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iTunes4 and re-ripping to AAC
Authored by: hexghost on May 05, '03 11:50:38AM

Of course, ripping your uninfected mp3 files to AAC means you
lose not only quality, but your control over your own media. You
will now only be able to play these songs on the 3 macs
authorized. And forget about playing them on a non-mac, non-

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iTunes4 and re-ripping to AAC
Authored by: Jeff Thompson on May 05, '03 12:29:39PM

I'd have to double check this, but I'm prety sure that it's been stated already that AAC files encoded by the user do not require authorization. Only those AAC files purchased via the iTunes Music Store require authorization.

As for non-ipod mp3 players and other platforms' (windows, etc.) software mp3 players: I'm sure that AAC will be picked up by other players, eventually. Sure, if you want to rip your music and make it available via file sharing, no one else can use it, until their platform supports it. So what? This was a hint about not losing your mp3 information should you chose to re-encode your songs with AAC, not about the merits of AAC versus MP3's.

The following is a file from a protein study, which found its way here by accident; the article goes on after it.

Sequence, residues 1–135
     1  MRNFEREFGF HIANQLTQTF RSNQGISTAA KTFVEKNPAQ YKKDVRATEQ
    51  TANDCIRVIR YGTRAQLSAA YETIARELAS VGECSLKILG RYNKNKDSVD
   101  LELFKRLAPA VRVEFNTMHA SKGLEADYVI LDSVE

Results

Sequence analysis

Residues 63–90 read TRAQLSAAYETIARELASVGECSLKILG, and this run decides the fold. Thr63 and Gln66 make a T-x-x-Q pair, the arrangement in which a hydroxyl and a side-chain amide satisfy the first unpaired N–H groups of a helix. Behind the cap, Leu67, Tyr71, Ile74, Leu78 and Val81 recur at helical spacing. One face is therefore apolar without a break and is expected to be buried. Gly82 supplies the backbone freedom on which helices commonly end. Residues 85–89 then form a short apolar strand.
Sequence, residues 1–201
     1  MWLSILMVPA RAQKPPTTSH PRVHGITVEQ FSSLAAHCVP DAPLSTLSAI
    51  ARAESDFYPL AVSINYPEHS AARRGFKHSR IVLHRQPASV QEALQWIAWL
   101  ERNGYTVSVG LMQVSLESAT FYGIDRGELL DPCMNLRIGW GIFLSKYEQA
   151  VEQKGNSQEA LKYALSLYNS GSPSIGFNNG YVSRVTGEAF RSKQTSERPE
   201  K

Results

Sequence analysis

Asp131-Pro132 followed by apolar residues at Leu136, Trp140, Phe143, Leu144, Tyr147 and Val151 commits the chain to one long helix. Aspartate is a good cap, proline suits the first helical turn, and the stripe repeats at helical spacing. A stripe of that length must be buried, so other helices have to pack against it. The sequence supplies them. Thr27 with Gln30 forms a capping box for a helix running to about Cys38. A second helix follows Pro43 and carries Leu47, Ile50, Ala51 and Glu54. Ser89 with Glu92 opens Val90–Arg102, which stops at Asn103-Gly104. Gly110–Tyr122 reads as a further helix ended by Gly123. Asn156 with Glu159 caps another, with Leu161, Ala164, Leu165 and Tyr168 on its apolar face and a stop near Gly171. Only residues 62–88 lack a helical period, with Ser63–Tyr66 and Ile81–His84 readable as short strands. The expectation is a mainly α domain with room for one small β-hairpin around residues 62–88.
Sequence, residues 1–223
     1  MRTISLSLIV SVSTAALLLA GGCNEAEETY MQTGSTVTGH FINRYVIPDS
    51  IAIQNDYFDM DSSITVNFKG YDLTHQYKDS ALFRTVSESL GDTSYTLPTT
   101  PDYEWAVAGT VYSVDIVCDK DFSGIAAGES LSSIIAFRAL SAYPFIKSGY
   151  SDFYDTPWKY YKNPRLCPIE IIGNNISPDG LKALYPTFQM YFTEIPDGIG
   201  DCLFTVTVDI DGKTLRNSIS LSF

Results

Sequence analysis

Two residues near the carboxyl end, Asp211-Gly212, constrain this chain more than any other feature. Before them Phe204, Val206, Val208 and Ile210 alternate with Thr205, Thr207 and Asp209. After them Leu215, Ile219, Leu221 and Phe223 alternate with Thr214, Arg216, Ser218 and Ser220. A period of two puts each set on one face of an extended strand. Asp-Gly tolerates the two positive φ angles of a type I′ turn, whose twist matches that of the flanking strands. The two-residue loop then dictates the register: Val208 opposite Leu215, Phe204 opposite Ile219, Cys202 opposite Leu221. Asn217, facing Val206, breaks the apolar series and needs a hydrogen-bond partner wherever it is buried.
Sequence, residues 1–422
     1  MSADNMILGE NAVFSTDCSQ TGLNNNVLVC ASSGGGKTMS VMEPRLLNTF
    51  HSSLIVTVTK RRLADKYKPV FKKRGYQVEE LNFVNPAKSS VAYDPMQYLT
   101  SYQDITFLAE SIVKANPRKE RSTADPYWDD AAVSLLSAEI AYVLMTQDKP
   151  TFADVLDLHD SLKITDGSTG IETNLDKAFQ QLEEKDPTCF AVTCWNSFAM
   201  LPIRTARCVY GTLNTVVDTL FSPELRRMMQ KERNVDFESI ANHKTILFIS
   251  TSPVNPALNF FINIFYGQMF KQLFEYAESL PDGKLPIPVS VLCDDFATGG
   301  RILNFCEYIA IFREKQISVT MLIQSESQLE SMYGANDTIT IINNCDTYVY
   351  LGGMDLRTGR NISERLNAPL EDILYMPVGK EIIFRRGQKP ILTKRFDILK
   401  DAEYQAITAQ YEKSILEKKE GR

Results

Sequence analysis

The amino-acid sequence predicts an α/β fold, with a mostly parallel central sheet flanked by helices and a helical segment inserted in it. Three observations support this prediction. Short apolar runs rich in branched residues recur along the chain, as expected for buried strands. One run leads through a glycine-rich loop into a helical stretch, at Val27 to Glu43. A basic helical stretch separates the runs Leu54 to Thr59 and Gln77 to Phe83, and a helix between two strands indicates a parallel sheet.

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iTunes4 and re-ripping to AAC
Authored by: callefjant on May 05, '03 04:54:29PM

"Note : AAC files encoded from a source other than the Music Store (such as an audio CD) function the same as an MP3 file encoded from the same source in that there is no authorization required. So AAC files you encode yourself in iTunes 4 can be burned more than 10 times per playlist and can be played on more than three computers"

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iTunes4 and re-ripping to AAC
Authored by: feste on May 05, '03 12:41:02PM

He's not talking about turning MP3s into M4Ps. He's talking
about turing AIFFs (from the original CD) into M4As (which have
no playing restrictions, and are at least equal quality to MP3s at
the listed bit rates).

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iTunes4 and re-ripping to AAC
Authored by: Oddjob3x on May 05, '03 02:33:39PM

I haven't been able to hear any difference (using headphones) between my
MP3s encoded at 192kbps and the reripped AAC versions at 128kbps -
extremely unlikely to hear any difference on my iPod in the car!

And, reripping each song saves me about 2MB per song ... on a 16GB library
(over 2700 songs), I'm hoping to save a few GBs. As Anon says, just whack
the CD in and it'll replace your existing MP3s with AACs. To keep track of
which albums I've done, I've been dragging in the cover art from (wonder if future iPod software will show the cover art ... ?)

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iTunes4 and re-ripping to AAC
Authored by: drolph on May 06, '03 12:06:44AM

All the songs available from the Apple Music Store appear to be
encoded at 128kbps. Since I'll be buying most of my music
from there from now on, I mught as well re-encode all me CD's
at the same bit-rate.

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